First Phillips 66 Service Station in Texas
1st and Gray
This vintage 1928 gas service station, designed in “Cottage Fashion” and often called a “Doll House” was started in 1927 after Congress authorized Route 66. This station was the first Phillips Petroleum Company retail outlet built outside Oklahoma at the time.
This station’s style is typical of the “neighborhood” look built by major brands of the era. Earlier gas stations were often esthetically undesirable shacks, shunned as neighbors. Designed by architect C. A. Peterson and constructed by Pure Oil Co, (now Union Oil), this is typical of the type “B” cottage-style gas stations built from 1927-1938.
Renovated in 1992 by local citizens, this now-famous Route 66 icon is an often photographed property along Route 66. The site is owned and maintained by the Texas Route 66 Association.
In 1927, Route 66 was built through McLean, and became a stop for tourists as well as a center for oil, livestock, and agriculture shipping. By 1940, the population had risen to 1,500 with 6 churches, 59 businesses, and a newspaper. In 1942, a prisoner of war camp was built east-northeast of the town and was operated until 1945, housing about 3000 German prisoners.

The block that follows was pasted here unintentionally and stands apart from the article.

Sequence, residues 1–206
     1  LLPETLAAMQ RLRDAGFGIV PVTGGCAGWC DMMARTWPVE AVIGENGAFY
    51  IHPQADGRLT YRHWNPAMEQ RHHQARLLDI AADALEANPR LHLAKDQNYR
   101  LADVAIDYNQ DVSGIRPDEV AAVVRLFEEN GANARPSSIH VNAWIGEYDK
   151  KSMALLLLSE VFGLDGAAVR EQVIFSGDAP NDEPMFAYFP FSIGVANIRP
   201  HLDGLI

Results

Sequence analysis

This was a stop on the 2002 Route 66 Caravan, a 66-day road trip led by preservationist and historian, Jim Conkle. He lead the The Route 66 Caravan from “pier to pier,” Santa Monica to Chicago to raise the awareness of Route 66 and the need to preserve it. He posted more than 50 Hampton “Save a Landmark” signs along the route.
Find this site and others with the iPhone app, “Road Trip 66!”
(Photos © copyright 2006-2013 Kelly Ludwig, all rights reserved)